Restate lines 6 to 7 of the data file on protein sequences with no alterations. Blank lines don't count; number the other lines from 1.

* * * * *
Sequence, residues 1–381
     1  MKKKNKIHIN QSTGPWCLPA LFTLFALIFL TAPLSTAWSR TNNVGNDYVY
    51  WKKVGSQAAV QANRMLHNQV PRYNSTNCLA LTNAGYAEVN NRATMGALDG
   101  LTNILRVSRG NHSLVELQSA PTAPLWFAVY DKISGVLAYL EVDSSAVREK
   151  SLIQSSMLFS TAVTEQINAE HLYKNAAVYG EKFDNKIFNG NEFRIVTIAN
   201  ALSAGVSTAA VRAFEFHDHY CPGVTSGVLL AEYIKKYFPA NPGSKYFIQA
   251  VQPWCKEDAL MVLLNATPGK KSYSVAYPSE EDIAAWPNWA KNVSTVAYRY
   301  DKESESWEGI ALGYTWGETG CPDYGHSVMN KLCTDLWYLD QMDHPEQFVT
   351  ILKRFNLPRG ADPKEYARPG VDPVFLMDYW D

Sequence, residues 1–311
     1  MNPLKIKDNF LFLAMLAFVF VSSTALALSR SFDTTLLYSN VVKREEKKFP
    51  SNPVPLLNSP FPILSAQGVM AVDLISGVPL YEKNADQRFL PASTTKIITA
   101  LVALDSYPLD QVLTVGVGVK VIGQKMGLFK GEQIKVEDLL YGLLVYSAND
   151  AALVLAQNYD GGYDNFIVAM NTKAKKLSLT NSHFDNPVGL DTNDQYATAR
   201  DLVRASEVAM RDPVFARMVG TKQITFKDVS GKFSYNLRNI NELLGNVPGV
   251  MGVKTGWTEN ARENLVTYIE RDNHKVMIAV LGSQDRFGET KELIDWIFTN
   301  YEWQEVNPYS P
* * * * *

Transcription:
   201  ALSAGVSTAA VRAFEFHDHY CPGVTSGVLL AEYIKKYFPA NPGSKYFIQA
   251  VQPWCKEDAL MVLLNATPGK KSYSVAYPSE EDIAAWPNWA KNVSTVAYRY